Group Managed Service Accounts alias gMSA

This article will show the process I did to get my managed service account registered for using services like SQL and Task Scheduler.

Managed service accounts have been around for a while but was limited and only worked in the local security context of the windows server. Which meant that you couldn’t use the same account in a cluster of servers.

Usually only limited to Task Scheduler or simple applications.

Please read the following for a quick view on how the old technology worked for Managed service accounts:

Windows 2012 introduced Group Managed Service Accounts which meant, that it could be shared between servers this is great news and shows potential for other applications Like SQL 2012.

I used the following TechNet article to setup my first Group Managed Service Account which I’m going to use for SQL 2012: (Please look for my next blog post on how I installed SQL 2012 with my group managed service account.)

Ok let’s start


Please read the requirements from the article above. I’m only going to highlight the high level requirements.

To enable Group Managed Service Accounts Windows PowerShell is used and it requires to be run from a 64bit instance. I had a Windows 2012 Domain controller in my test environment so using the PowerShell from that server was sufficient. You also require the powershell AD Tools to be installed on the machine you are using.

Before you start

Before you start creating the group managed service account you need to know if the following:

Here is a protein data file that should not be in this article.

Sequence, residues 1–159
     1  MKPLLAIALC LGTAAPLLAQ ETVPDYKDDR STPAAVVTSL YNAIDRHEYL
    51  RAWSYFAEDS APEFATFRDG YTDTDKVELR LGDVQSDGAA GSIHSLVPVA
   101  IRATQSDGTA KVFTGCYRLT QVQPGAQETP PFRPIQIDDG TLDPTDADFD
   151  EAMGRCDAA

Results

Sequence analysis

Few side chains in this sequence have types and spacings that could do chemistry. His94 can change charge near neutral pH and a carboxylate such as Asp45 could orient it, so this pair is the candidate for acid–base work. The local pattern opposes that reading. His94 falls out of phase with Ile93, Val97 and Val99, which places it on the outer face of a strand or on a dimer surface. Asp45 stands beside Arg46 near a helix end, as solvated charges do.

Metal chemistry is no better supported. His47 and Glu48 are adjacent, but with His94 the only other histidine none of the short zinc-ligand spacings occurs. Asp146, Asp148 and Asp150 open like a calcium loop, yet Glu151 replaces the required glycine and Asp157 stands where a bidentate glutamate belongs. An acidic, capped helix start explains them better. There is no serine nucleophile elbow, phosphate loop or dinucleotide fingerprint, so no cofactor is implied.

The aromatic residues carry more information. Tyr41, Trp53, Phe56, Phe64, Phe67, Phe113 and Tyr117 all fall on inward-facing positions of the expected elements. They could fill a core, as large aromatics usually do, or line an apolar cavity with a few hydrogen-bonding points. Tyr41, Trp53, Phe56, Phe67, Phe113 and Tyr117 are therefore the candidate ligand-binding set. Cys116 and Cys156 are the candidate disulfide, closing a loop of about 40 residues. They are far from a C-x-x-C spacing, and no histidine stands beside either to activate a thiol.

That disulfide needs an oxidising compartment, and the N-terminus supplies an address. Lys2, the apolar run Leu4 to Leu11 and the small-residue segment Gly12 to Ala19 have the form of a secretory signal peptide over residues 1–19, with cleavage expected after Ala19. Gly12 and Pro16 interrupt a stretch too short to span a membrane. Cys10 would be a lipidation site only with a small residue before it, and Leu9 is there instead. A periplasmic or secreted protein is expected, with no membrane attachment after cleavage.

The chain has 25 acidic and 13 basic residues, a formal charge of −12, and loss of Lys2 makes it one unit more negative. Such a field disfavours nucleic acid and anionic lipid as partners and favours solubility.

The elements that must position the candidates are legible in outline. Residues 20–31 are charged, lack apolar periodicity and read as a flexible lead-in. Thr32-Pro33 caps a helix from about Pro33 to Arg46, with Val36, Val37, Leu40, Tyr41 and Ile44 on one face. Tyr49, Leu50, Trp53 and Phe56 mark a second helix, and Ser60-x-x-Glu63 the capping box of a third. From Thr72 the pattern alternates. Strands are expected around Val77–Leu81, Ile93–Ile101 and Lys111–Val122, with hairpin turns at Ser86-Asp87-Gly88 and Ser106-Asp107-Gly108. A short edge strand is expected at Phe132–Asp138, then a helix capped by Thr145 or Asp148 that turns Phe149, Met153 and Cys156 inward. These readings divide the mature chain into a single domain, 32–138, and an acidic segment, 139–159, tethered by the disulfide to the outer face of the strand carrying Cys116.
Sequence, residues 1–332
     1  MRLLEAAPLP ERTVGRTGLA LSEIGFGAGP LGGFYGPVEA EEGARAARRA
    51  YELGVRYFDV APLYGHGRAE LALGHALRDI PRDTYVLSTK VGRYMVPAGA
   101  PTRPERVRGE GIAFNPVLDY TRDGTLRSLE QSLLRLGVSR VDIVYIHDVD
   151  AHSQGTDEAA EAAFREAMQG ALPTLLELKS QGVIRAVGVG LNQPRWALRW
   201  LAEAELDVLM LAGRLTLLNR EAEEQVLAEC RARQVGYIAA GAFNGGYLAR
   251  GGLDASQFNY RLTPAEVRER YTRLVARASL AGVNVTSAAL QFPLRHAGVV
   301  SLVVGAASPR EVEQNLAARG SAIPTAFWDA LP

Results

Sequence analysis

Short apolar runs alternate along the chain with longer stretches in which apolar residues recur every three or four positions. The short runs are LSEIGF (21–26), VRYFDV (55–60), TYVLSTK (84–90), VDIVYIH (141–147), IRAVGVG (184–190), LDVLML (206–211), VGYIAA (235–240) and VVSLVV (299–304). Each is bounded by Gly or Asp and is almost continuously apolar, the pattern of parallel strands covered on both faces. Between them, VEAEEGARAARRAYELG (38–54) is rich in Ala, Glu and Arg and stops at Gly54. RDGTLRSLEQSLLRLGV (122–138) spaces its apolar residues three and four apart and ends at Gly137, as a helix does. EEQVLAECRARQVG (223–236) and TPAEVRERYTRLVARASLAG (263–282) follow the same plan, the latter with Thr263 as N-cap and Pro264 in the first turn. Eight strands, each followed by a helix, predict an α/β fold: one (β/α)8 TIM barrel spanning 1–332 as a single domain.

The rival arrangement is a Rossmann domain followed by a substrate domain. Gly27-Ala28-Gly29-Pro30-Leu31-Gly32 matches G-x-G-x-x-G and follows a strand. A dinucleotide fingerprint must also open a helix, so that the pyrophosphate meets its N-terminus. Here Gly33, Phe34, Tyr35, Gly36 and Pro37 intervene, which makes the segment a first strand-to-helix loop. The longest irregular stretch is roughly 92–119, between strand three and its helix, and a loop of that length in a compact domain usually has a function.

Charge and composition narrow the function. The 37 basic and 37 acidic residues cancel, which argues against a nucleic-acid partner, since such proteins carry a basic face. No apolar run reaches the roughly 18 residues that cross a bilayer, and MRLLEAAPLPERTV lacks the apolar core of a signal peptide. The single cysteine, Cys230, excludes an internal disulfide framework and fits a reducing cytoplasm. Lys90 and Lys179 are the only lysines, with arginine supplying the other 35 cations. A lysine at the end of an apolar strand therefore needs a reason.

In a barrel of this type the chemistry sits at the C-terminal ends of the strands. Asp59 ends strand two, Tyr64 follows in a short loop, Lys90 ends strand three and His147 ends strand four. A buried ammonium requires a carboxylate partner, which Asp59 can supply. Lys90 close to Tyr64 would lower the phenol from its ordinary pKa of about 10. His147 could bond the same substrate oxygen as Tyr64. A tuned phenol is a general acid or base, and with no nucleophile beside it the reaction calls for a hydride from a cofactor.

• Does the application service support gMSAs
  • Does the service require inbound or outbound authentication
  • The computer account names for the member hosts for the service using the gMSA
  • The NetBIOS name for the service
  • The DNS host name for the service
  • The Service Principal Names (SPNs) for the service
  • The password change interval (default is 30 days).

Step 1: Provisioning of group Managed Service Accounts

You can create a gMSA only if the forest schema has been updated to Windows Server 2012, the master root key for Active Directory has been deployed, and there is at least one Windows Server 2012 DC in the domain in which the gMSA will be created.

Important: Master root key is the tricky part. You can force the creation but when the master root key is created you’ll need to wait for AD Replication to complete. Will take up to 10 hours to complete just enable it and leave it for the next day.



  1. Check if a KDS root key exists “Get-kdsrootkey”
  2. If none exist create a new one “Add-KdsRootKey –EffectiveImmediately”
  3. Wait 10 hours or more (Enable it and leave it for a day)
  4. Test the KDS Root Key “Test-kdsrootkey –keyid <GUID from above>”
  5. Create a Security Group in AD which the computer accounts will be a member of to have access to retrieve the managed password. Important: Remember to reboot the computers once you have made them a member of a group.

  6. Add computer accounts as members to new group

    1. Reboot the server/s
  7. Create the gMSA “New-ADServiceAccount SQL2012Managed -DNSHostName -PrincipalsAllowedToRetrieveManagedPassword Allowed-SQL2012ManagedServiceAccount-Access -ServicePrincipalNames MSSQLSvc/SQL2012:1433,MSSQLSvc/”

  8. Success now you can start using the Managed Service Account for other installations.
  9. Open “Active Directory Administrative Center” to confirm Managed Service account creation


Step 2: Add the new service account to the required machines


Once you have created the Managed Service Account you need to assign it to all the required machines.

  1. Open Windows Powershell on the Server in my exsample I’ll open it on the SQL2012 Server that I’m going to use.
  2. Run the following command “Install-ADServiceAccount SQL2012Managed”

  3. To Confirm the account try to change a service to run under the newly created account

  4. Please see my next blog post on how to install SQL 2012 using managed service Accounts.

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